First you have to learn Java and the basic core Java API of course.

From there, I'll cover the most basic: straight up pure JEE web development. eg. Building a simple CRUD app with Servlets, JSP, and JDBC using MySQL.

Learning curve - a few weeks of spare time effort (eg. Evenings after work). Maybe as little as a few days if you're doing it fulltime and intensively. Working through this book is highly recommended - http://www.murach.com/books/jsp2/. After this, you'll know the basics of building simple CRUD apps in JEE, and will know your way around. Note that this is nowhere near being a master, just knowing your way around and building the simplest one trick pony toy shopfront apps.

Resources - The book mentioned above is good. There are also a lot of online resources, but the quality of those varies. The online tutorials from Oracle are fine too. Some people swear by them, but others find them too dry.

Performance and would I recommend it - Somewhat of a moot point these days since "pure" JEE isn't used much anymore. But it still holds its own for a lot of simple CRUD cases.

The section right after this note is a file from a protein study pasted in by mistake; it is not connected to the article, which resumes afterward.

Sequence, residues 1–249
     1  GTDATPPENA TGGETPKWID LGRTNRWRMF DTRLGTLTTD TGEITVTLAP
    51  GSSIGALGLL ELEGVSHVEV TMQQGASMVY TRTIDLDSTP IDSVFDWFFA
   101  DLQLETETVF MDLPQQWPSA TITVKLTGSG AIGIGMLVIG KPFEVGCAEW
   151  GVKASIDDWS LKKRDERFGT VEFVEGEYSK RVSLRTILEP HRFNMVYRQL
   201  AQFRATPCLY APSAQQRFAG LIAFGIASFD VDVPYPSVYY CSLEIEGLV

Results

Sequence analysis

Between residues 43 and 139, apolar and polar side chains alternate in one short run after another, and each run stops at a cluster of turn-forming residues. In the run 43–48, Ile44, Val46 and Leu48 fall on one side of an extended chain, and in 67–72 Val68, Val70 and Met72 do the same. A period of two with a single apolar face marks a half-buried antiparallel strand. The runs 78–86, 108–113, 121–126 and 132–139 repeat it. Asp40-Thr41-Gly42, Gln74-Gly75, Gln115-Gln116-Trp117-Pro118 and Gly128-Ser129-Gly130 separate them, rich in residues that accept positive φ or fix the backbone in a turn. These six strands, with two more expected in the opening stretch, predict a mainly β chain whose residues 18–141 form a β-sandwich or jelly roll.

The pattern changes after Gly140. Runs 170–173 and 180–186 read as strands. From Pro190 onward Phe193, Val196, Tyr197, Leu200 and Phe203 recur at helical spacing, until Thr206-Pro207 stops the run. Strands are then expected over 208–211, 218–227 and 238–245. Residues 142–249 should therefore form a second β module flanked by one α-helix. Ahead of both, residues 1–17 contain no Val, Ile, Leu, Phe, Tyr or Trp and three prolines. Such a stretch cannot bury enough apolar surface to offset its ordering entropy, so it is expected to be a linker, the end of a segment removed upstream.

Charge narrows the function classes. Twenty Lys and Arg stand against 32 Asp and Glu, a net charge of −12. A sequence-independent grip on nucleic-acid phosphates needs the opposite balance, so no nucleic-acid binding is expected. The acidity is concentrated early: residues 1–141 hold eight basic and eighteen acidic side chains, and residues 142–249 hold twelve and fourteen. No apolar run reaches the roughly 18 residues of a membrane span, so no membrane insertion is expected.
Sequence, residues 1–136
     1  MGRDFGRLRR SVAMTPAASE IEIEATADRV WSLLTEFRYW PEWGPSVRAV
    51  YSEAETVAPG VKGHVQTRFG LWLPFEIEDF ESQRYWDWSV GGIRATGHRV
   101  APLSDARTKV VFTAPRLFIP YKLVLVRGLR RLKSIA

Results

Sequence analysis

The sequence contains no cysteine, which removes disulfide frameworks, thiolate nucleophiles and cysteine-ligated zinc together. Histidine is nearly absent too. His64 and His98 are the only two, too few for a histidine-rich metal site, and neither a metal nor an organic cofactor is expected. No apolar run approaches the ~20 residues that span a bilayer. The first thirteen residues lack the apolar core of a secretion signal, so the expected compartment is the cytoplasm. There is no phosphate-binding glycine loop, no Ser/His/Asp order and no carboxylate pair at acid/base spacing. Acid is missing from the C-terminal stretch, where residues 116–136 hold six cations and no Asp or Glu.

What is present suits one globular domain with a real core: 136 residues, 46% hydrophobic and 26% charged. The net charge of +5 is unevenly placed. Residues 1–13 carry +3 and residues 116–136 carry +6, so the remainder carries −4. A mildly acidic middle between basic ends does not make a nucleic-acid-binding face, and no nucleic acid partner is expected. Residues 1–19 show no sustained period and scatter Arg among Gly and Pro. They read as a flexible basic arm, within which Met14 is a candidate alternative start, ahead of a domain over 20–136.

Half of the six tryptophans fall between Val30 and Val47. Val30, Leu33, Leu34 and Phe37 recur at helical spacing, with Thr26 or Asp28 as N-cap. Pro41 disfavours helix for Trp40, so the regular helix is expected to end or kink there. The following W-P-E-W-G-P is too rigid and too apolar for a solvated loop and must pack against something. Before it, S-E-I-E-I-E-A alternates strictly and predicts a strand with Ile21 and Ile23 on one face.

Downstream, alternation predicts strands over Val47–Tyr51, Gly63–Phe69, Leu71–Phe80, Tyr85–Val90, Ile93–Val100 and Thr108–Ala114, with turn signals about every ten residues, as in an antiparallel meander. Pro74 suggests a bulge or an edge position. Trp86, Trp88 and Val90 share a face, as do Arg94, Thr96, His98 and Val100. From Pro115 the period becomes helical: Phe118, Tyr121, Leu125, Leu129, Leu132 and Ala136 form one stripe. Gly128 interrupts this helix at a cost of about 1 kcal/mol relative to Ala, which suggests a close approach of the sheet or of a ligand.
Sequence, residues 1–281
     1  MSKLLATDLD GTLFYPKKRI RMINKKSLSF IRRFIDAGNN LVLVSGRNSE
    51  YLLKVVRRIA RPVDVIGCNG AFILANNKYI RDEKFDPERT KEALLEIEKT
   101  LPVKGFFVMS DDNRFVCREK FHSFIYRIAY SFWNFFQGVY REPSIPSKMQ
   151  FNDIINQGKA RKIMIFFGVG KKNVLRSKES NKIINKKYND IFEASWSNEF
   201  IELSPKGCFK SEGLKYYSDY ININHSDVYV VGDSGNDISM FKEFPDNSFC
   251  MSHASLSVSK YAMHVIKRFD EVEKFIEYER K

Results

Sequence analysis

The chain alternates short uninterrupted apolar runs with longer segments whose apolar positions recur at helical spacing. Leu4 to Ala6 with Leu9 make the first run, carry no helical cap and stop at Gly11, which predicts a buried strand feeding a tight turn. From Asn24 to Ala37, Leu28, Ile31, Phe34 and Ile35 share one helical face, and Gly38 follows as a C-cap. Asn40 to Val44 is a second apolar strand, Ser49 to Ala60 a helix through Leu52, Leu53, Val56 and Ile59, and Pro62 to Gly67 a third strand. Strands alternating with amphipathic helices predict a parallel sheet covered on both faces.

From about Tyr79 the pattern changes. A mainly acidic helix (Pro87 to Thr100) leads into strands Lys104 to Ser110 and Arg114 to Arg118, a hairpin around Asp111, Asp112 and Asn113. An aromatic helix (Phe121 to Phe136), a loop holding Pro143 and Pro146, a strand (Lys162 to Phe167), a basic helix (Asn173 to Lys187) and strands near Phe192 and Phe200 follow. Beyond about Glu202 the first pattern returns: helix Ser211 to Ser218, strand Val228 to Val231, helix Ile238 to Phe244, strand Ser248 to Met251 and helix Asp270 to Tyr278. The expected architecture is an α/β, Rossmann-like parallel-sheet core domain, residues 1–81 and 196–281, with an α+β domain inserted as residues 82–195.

Don't know how relevant all this is to what you were asking, but this is essentially the first pass of learning you need to make when getting into Java/JEE. Diving straight into more advanced topics would skip over these building blocks too much, in my honest opinion.

Note: I'm somewhat biased as I'm a core Java guy (who did mostly Swing work in the past) who is currently trying to transition into the JEE space. :)

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Good answer kind sir, yeah as I'm progressing with JEE after I learn a certain topic I try to see if there is an implementation of it in a framework somewhere and convert it there. I'm currently learning security roles, I am familiar with retrieving data from database to servlets and to jsps. I want to augment my learning with frameworks. Will check out that book you cited, (once I have the money) :) One concern though: it is said that simple JEE security won't hold against anything serious from hackers. I would want to avoid that. –  Kindling For The Master Aug 17 '11 at 1:17
I do not like the Murach books. Lots of examples, almost no explanation. You may as well read the online documentation. –  kevin cline Aug 17 '11 at 1:17
"Apress Pro JSP 2, 4th Edition" is a good book. –  Chiron Aug 17 '11 at 1:23
Thanks for the suggestions! Will check them all out. Anything for learning. :) –  Kindling For The Master Aug 17 '11 at 1:55